MS Spasticity – 5 Stretches You Should Try and Why

MS Spasticity – 5 Stretches You Should Try and Why

Muscle spasticity is one of the most challenging symptoms of Multiple Sclerosis (MS). Patients with MS often experience a tightening or stiffening of the lower body muscles in the legs, groin, buttocks, and back. 

Muscle spasticity can affect the ability to stand, walk, and balance and is one of the biggest detriments to a patient’s quality of life. Muscle spasticity can worsen during quick stretches or movements. However, when done correctly, gentle stretches can help patients manage spasticity effectively. 

Hip Crossovers

While lying on your back, bend your knees at a 45-degree angle, draw them together, and gently let both knees lower to one side, holding for 30 seconds. Then pull the knees back to the center and slowly lower them to the other side.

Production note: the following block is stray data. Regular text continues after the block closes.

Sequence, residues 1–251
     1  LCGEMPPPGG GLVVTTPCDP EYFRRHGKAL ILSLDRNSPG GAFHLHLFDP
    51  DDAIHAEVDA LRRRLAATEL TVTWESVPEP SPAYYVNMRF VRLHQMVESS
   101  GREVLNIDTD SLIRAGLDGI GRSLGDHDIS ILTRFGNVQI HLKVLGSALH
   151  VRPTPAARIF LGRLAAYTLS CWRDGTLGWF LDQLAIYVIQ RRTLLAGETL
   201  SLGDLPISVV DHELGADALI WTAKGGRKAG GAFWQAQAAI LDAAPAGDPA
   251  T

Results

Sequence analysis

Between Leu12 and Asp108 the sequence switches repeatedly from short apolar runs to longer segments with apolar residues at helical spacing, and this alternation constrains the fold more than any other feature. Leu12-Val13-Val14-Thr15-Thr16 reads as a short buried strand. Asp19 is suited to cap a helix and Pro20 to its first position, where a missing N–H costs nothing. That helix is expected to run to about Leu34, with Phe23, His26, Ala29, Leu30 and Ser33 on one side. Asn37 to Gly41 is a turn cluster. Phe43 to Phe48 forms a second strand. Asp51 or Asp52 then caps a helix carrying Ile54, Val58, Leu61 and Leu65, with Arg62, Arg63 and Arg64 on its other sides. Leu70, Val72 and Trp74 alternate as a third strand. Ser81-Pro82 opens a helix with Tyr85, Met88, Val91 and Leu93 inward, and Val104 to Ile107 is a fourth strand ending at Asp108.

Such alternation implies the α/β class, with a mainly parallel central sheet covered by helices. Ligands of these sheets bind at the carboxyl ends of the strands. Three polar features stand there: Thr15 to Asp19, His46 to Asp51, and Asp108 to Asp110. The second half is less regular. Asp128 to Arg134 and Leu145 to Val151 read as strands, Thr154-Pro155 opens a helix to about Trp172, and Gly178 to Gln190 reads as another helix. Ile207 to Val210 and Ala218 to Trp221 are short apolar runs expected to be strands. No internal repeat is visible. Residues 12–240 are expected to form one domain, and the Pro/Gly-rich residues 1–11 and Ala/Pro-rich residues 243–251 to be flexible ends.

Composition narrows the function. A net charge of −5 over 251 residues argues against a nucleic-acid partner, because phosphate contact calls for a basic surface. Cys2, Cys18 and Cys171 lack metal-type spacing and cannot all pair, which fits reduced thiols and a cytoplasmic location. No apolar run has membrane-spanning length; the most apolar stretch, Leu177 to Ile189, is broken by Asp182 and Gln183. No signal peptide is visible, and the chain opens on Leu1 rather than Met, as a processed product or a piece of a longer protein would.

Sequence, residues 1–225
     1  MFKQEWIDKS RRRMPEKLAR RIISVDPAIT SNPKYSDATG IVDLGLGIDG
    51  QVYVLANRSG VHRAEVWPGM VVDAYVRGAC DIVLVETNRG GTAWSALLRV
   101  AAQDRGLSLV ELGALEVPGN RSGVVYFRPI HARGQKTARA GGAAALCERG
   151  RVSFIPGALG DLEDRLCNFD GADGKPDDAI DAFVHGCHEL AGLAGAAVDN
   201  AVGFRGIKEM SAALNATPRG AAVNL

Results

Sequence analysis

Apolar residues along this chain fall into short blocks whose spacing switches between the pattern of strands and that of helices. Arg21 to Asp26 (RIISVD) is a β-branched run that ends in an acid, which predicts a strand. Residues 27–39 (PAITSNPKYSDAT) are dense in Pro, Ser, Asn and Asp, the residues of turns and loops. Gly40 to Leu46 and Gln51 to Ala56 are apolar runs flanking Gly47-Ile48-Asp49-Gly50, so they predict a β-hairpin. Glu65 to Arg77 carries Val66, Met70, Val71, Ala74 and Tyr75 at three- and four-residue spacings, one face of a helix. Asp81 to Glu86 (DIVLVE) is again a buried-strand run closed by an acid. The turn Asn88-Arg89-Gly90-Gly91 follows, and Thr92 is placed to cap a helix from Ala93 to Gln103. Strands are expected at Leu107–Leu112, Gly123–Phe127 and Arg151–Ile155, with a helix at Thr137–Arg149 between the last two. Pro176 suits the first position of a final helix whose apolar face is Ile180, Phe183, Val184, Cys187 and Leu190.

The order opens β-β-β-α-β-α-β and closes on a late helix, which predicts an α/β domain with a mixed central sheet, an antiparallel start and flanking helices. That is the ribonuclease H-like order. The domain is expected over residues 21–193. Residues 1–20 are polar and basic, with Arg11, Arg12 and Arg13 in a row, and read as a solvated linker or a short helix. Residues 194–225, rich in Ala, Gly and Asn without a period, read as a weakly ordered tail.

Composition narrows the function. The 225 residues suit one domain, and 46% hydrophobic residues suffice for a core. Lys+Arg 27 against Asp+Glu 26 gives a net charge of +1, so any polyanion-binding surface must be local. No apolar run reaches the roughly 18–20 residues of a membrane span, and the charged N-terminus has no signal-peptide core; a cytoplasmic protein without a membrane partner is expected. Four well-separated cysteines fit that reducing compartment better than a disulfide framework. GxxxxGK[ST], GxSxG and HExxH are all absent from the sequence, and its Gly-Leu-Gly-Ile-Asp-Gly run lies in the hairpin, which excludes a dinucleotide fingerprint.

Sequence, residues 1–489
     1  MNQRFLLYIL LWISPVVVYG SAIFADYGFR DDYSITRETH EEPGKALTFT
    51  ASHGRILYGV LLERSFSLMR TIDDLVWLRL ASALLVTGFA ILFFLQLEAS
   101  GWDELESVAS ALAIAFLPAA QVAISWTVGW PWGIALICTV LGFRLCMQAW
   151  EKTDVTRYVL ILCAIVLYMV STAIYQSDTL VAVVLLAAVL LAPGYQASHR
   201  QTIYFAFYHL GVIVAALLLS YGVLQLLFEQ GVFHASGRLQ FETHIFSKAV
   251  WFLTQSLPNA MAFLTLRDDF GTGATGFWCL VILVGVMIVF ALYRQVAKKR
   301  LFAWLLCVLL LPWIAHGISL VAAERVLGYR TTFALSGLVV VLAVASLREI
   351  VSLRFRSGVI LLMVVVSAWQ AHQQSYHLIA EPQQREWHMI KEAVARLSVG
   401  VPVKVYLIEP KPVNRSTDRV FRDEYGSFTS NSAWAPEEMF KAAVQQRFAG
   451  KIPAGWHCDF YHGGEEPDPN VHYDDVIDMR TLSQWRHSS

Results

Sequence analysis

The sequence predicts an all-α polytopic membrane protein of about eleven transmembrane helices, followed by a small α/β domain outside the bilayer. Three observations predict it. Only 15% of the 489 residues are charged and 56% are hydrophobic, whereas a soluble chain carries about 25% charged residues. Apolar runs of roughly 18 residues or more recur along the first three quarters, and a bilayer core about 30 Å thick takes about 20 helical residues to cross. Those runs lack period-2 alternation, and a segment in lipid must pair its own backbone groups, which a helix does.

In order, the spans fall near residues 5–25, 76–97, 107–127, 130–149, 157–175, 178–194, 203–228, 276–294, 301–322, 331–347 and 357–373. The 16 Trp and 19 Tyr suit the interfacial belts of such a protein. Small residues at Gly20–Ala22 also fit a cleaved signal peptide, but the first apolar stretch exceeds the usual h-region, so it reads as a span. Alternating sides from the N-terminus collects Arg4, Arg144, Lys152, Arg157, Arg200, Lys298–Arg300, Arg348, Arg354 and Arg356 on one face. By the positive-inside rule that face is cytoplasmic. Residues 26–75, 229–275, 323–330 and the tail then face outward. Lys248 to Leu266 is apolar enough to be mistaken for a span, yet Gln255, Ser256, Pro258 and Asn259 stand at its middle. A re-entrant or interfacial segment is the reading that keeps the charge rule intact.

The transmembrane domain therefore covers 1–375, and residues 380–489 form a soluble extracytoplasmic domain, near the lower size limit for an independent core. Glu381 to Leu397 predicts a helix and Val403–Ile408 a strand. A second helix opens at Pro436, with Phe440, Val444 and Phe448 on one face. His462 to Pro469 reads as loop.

In this hip stretch, your goal is to decrease tightness, not get your knees to the floor, so only lower them as far as it feels okay. Keep your arms out to the side in a “T,” palms down. Move slowly.

Hip Flexor Stretches

Lying on your back, rest on the lower half of your bed with your knees and lower legs hanging off the edge. You should feel a stretch in your hip flexors located at the front of your hip. Aim to build up to a 30-second, then 60-second hold. 

Calf Stretches

Placing a rolled-up towel on the floor, step on the towel with the ball of your foot, keeping your weight on the back of the foot. Then, step the opposite foot slightly forward, still maintaining the weight on the back of the foot, stretching the calf.

Foot Rolls

When seated, place a rubber ball on the floor and roll your foot over the ball, paying particular attention to places on your foot that lack feeling or feel disengaged.

Ankle Stretches